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February 21, 2007

EL312: Step right up and take a chance on the Wheel 'o Litcrit!

There I am--standing, arms akimbo, shouting to all who pass. The Wheel 'o Litcrit is a great gamble. I've seen it all, though. Grammas with Bingo money to blow, kids still wet behind the ears bringing their lunch money, the haves and have-nots and the never-will-haves--everyone takes their chance.

After all, everyone's a critic.

Since I've start dissecting a class discussion to see what kinds of literary criticism we're applying, I know it has hold of me. It's still difficult to explain to my friends and family that don't have a strong literary background what we're doing with said criticism. If I try to talk about reader-response theory, someone's bound to say, "Oh yeah, well my reader-response was to throw the book across the room." And if it's author intent, well... let's not go there.

It's been fun throwing this carnival--thanks to all that have joined! I'm thrilled that there's been such energy and interest in the topics, and I'm anxious to see what all of you come up with. I'll update this as I find your links. Emailing, trackbacking, or posting a link--just let me know when it's done!

Read below for the complete Carnival 'o Litcrit!

It has been fun for me to go around reading what everyone found interesting and influential about the essays we've read so far. The fact that a number of us chose Wolfgang Iser as the most influential critic we've read so far makes me think that we're probably much more in-tune to readers since that's all we do in college and, therefore, we know how we respond... so why not think about how someone else would? Or maybe Iser's essay was better to get through than some of the others...

Regardless, I present to you the Carnival 'o Litcrit. Thanks to all who participated! (Special thanks to those who tried to incorporate our super fun theme of carnival food and rides... why not be literal, right? Haha.)

Tiffany says that the essay that had the biggest effect on her was Yachnin's "Gonzalo and the Tempest." She says that she recognizes that Ariel is included in the "merry go-round of obeying" in the play. From what she explains, it seems that Prospero has the upper-hand on everyone and uses each character to his advantage (if he can).

Diana writes that Wolfgang Iser's essay about many types of readers was her favorite. "What I liked is that Iser doesn't seem bothered by this fact, because his labels aren't intended to cover the real-life, sit-down-with-book-in-hand readers," she says. "That is one of the reasons his text is so effective - it puts on the labels without the worry of actually labeling anything real." Thanks for breaking that down for us, Diana. (I tend to agree--this was an excellent essay to reflect on what I think should be called readers response, since none of us is the same reader.)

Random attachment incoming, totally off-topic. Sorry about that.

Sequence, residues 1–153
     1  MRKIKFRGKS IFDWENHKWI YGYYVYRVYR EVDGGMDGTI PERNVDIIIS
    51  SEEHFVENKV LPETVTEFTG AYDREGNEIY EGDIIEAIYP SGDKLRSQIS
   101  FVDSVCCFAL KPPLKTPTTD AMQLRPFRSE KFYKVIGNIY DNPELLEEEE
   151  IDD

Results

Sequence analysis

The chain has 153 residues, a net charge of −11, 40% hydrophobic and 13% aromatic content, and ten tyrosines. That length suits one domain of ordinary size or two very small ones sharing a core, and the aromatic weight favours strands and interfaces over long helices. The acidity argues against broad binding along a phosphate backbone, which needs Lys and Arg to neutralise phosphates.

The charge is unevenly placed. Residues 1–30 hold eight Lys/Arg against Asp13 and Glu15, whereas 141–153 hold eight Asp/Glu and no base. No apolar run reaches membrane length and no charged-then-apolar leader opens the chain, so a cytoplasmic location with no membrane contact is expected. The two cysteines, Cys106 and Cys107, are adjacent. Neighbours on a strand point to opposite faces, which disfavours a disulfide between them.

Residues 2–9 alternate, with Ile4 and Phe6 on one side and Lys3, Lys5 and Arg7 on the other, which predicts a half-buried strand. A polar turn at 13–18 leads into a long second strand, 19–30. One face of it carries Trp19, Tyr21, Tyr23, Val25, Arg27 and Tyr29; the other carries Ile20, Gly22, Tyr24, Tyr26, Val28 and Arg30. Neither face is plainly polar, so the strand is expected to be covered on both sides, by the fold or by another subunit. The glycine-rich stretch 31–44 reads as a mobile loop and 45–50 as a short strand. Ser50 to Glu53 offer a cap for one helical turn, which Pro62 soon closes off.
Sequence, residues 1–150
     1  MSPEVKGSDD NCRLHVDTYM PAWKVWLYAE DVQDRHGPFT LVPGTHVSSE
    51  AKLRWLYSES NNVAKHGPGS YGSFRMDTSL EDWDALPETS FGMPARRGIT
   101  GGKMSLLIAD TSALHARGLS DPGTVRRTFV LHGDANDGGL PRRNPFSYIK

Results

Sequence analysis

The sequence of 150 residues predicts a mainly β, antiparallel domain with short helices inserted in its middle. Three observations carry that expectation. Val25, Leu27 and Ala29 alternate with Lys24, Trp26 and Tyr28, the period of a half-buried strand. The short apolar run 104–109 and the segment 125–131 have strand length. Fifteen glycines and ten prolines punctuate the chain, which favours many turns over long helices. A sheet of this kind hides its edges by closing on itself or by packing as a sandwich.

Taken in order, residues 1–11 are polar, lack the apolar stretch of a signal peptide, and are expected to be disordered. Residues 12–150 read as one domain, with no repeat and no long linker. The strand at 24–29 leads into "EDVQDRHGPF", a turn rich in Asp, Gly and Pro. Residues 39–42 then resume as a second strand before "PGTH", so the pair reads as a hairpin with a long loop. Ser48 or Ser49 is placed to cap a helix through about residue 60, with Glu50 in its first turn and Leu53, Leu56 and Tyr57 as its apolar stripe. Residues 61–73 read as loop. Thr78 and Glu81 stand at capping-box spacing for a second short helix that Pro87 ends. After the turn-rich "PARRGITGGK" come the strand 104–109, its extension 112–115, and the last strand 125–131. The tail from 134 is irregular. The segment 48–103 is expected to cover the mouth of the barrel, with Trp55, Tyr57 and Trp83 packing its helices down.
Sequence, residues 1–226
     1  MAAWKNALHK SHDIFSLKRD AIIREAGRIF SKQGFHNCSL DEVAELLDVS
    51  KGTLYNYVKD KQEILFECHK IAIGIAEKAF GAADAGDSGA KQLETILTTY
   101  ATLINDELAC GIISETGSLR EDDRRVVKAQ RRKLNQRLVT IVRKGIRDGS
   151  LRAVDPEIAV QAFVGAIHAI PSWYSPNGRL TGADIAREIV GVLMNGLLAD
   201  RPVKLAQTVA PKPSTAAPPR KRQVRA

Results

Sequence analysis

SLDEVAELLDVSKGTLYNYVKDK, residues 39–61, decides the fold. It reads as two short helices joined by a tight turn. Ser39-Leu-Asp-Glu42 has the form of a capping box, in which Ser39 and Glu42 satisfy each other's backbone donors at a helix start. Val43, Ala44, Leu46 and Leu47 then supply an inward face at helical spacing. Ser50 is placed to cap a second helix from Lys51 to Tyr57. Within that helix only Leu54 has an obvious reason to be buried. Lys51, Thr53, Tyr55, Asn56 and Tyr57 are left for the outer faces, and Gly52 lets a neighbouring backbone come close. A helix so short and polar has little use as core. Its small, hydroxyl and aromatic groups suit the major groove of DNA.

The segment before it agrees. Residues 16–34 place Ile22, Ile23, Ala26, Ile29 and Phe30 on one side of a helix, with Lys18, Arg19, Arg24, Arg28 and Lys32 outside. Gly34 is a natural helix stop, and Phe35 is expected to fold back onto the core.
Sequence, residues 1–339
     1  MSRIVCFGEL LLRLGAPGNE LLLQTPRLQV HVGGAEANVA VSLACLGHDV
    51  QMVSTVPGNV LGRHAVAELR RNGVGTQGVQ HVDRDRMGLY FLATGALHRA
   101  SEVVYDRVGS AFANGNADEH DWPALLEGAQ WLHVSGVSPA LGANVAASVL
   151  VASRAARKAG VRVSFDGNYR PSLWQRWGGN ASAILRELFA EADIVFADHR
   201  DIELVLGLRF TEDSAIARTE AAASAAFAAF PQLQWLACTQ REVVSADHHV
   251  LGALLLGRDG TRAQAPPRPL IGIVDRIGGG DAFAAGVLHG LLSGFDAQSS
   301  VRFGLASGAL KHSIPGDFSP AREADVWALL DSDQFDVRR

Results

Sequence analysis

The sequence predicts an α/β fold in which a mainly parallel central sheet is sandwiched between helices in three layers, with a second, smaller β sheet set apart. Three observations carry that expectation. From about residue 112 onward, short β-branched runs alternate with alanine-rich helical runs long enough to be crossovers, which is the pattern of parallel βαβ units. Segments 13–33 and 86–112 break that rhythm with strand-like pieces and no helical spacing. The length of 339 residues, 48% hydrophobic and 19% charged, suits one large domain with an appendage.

Mitchell presents a fascinating perspective on the readings we do each week: "You read these critics and even if you positively disagree with them at first, by the time your done reading, and writing about that idea you can find a little bit of in agreeing with the critic." (Couldn't have said it better myself, Mitchell!) He goes on to say that Hirsch (as explained by Austin, haha) was most influential to him.

Vanessa announces that she did not choose the essay on irony (haha), but, instead, chose Diana. Choosing Iser over Brooks gave Vanessa an opportunity to explore who she is as a reader: "Iser's outline of the different types of readers when analyzing literature made me question what type of reader I am and why there needs to be so many distinctions between them in general." However, Vanessa is careful to point out that she doesn't agree with everything Iser presents--she questions the idea of placing too much value on any one kind of reader (critical, ideal, typical, etc.).

Erin says she relates best to the formalist approach to lit. crit so far. McDonald's essay reached her on this level. Erin hands us a corndog to chew on as she explains, "As readers we should be able to combine all the types of criticism into one big old carnival of sight, taste, and sound. McDonald appeals to me because he seems to encourage all of that." Delicious, Erin. Thanks!

Denamarie, like Tiffany, found Yachnin's essay about Gonzalo most stimulating. She says that even though she doesn't always connect history with pieces of literature, Yachnin's argument was solid and provided points that clarified many questions she had about the play.

And Jay (as I anticipated) wrote about reader response theory and its significance to all readers--meaning everyone who reads at all. Jay gives insight into how to him reader response is at the core of our lit. crit. course: "This entire class is based because of reader-response criticisms, because we have our own thoughts and responses, which lead us to make judgments and assumptions about the poem, the literature, the author, the history, or the semiotics behind the literature. It is all because of the reader-response criticism."

Posted by KarissaKilgore at February 21, 2007 7:20 PM


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